Hastings International and Comparative Law Review


John Quigley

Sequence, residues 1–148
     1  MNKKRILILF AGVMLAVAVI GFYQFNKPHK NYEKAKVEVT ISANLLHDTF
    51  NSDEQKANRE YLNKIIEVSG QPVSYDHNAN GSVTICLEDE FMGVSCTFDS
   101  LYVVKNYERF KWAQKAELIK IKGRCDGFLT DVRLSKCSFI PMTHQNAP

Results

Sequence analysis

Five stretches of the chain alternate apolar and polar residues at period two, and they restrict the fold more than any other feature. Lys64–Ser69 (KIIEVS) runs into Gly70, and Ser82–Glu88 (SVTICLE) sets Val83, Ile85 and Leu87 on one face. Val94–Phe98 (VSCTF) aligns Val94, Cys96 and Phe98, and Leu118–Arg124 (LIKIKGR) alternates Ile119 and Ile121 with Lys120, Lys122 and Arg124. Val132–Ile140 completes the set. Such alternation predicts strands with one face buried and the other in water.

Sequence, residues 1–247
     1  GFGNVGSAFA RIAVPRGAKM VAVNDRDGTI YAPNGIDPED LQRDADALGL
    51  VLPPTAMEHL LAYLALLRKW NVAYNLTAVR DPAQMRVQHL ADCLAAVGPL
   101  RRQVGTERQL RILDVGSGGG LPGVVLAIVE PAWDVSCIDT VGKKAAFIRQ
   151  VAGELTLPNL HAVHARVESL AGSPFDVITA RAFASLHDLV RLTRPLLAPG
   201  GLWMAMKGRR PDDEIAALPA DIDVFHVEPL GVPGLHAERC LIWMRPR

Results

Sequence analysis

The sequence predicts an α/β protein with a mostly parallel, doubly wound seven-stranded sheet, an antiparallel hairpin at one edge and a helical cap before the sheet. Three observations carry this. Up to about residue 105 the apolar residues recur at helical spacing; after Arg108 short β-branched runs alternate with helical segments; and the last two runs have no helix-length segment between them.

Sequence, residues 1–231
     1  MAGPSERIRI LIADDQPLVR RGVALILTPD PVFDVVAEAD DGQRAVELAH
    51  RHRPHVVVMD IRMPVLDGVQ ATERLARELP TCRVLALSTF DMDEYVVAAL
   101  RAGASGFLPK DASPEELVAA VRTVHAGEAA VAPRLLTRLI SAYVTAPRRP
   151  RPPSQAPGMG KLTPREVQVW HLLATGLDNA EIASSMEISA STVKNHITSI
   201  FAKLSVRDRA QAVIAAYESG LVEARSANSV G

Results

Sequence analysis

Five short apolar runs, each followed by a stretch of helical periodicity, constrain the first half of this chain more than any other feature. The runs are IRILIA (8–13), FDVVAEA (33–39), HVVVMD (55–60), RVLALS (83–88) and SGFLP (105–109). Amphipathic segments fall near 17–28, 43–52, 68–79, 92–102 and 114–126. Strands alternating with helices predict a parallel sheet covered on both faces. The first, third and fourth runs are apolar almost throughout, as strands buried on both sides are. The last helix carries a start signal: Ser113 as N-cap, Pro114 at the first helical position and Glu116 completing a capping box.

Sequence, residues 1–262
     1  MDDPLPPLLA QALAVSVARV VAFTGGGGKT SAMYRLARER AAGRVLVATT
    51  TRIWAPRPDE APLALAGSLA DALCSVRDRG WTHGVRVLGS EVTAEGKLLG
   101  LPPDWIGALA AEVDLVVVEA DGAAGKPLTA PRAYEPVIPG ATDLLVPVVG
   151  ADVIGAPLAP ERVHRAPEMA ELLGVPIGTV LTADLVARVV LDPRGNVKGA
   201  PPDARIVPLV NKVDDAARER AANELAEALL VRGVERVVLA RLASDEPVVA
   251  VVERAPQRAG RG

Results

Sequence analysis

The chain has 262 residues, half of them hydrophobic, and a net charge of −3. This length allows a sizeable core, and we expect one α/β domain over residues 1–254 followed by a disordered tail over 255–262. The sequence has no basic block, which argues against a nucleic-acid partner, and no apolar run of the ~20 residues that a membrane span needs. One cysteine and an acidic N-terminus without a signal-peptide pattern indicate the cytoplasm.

The right to organize trade unions is widely recognized as essential to the well being of workers. This right is protected as a human right by the customary law of nations. When a country is occupied in wartime, its trade unions may be regarded with suspicion by the occupying power which may view them as providing a cover for anti-occupation activity. Nonetheless, the right of trade unions to function is not abrogated by the fact of belligerent occupation. An occupant must permit trade unions to carry out their activities.